By Jordy Yager - 04/23/08 04:45 PM EDT
One afternoon Rep. Danny Davis (D-Ill.) picked up his dry cleaning in the Longworth House Office Building. But when he took his shirts out at home, he noticed something peculiar.
Between the time he dropped off his clothes and picked them up, his shirts improved in quality — the regular cuffs were now French, and they had been nicely tailored.
“I looked at them and I said, ‘This couldn’t possibly be mine, this is too expensive, this is way out of my class,’ ” said Davis.
The clothes really belonged to Rep. David Davis (R-Tenn.); the two Davises had just fallen victim to an all-too-frequent case of mistaken identity.
“I no longer use the laundry here because of that,” said David Davis.
And there’s even more confusion if you share your surname with five other sitting members of Congress.
“This is the first place I’ve ever been in my life where Davis is the most common last name,” said Rep. Artur Davis (D-Ala.). “Normally around here, you get used to the fact that when someone yells out ‘congressman,’ you don’t automatically turn around. But around here, ‘Congressman Davis’ still doesn’t make you turn around.”
The Davises are not the only lawmakers who have it rough. There are 85 members of Congress who share a surname with at least one other member. The most popular surname in Congress is Davis with seven, followed by Miller and Johnson, each with five.
And then there are the Prices, who are often mistaken for each other on legislative matters.
“While David’s [Rep. David Price (D-N.C.)] a wonderful fellow, our politics are significantly different,” said Rep. Tom Price (R-Ga.). “So he would get put on a bill that was more reflective of my district and I would get put on a bill that was much too far to the left for my district.”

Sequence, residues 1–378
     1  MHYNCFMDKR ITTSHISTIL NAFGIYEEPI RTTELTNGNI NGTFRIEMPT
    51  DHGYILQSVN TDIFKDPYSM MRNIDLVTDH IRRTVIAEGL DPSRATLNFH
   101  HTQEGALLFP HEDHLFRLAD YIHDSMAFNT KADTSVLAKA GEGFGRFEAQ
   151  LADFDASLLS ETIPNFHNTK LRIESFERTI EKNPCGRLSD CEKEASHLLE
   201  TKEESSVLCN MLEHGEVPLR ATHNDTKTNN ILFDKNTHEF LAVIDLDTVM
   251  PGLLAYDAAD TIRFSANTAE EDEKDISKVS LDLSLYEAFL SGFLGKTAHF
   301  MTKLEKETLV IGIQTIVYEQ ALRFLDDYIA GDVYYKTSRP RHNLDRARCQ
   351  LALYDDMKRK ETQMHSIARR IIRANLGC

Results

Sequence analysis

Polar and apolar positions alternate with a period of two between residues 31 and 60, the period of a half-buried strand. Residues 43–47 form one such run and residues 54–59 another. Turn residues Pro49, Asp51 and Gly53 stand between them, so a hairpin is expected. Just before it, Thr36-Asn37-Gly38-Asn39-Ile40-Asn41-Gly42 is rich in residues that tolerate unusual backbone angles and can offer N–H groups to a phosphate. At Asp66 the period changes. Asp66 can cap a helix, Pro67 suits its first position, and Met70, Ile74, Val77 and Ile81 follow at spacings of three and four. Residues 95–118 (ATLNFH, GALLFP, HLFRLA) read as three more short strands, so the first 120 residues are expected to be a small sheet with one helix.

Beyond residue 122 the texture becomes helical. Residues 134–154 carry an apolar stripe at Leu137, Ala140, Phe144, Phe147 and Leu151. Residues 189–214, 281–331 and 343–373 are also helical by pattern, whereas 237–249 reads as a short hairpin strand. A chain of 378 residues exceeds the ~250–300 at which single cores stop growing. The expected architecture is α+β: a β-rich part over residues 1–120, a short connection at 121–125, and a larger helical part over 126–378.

Still, David Price notes one advantage with his name — it’s first on the voting board.
“I’m the first one on the board and that’s all that matters to me,” the North Carolinian joked.
Even Rep. Deborah Pryce (R-Ohio) said members often approach her on the floor complaining that she voted wrong, mistaking her for other Prices.
Members say constituents confuse them most. And this confusion can work against them, as in the case of Reps. David Davis and Lincoln Davis (D), both of whom hail from Tennessee but serve on opposite sides of the aisle.
“There are occasions when I will get a blessing-out from a constituent from Tennessee for a vote that he [David Davis] may have cast, and I’m sure he gets some from votes I may have cast since he’s Republican and I’m a Democrat,” said Lincoln Davis.
But mistaken identity isn’t always bad. A lawmaker can use the other member as a scapegoat for a vote that he cast.
“You can say it was the other Davis from Tennessee,” joked Lincoln Davis.
In one case, both first and last names are the same: the two Reps. Mike Rogers, Republicans from Alabama and Michigan.
Most have figured out who is who by now, said the Michigan Rogers’s spokeswoman, Sylvia Warner. But in the first couple of years in office, there were continuous mishaps of mail being delivered to the wrong congressman, misdirected constituent calls, and reporters mistaking one for the other.